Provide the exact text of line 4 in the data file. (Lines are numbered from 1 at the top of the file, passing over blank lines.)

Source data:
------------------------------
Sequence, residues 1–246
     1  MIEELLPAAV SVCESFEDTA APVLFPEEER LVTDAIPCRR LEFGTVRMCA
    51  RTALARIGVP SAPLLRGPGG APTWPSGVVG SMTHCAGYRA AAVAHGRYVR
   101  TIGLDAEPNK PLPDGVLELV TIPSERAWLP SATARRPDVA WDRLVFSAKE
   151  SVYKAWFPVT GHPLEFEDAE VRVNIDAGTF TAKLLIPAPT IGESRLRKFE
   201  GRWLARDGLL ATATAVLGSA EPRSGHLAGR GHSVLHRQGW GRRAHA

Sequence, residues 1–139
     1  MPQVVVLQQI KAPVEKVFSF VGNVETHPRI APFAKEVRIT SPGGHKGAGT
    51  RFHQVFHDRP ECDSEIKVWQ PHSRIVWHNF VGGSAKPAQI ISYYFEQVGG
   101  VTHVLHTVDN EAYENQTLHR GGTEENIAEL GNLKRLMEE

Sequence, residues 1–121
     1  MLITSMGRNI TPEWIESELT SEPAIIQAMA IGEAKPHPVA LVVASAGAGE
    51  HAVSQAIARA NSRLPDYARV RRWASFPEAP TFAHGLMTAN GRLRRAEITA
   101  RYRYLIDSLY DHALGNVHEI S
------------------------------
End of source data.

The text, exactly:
   101  TIGLDAEPNK PLPDGVLELV TIPSERAWLP SATARRPDVA WDRLVFSAKE